Some trust mobile health tools, doctors equally

By: Jonah Comstock | Dec 17, 2012        

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philips surveyMore than a third of American adults think self-monitoring is the key to living a longer life, according to a survey commissioned by Philips Healthcare and conducted by Opinion Research Corporation. The survey of 1,003 participants included questions about online symptom checking, home diagnosis, and self-monitoring, and the results showed a growing acceptance of and even reliance on these sorts of home health technologies.

According to the survey, 41 percent of respondents said they were comfortable using symptom checking websites for home diagnostics and 49 percent were comfortable with symptom checkers and home vitals monitors automatically reporting information back to their doctors. In general, respondents were more likely to be comfortable with home vitals monitors than mobile apps when it comes to sharing data. A spokesperson from Philips told MobiHealthNews that 38 percent said they were comfortable with home monitors sharing their data versus 29 percent reporting the same about mobile apps.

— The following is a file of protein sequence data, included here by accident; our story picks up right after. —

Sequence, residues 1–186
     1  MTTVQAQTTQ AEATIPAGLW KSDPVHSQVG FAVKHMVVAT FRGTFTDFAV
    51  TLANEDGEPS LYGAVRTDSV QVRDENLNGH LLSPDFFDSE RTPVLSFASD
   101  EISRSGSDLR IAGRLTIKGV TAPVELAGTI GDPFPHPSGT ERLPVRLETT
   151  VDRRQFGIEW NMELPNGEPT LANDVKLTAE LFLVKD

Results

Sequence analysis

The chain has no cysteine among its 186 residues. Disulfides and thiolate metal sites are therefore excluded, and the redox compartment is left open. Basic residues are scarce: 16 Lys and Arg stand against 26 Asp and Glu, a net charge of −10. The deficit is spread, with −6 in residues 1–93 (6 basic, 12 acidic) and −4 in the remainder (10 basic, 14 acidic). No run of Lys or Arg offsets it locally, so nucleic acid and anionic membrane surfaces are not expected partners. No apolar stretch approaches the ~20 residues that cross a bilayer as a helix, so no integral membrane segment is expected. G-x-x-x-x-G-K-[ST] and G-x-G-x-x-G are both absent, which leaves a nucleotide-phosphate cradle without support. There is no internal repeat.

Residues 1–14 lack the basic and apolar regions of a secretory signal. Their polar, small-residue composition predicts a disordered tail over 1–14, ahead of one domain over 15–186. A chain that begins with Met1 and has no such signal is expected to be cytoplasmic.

A substantial number of Americans are turning to home health technologies as often as they turn to physicians for health information. A quarter of respondents said they trust symptom checkers and home-based diagnostic tools as much as they trust the doctor, and 27 percent said they use home tools instead of visiting the doctor. The survey also found that 28 percent of men trust symptom checker websites, symptom checker mobile apps or home-based vital sign monitors as much as they trust their doctor, compared with 21 percent of women.

One in 10 adults took it one step further, saying “they might already be dead or severely incapacitated” if it weren’t for web-based health information.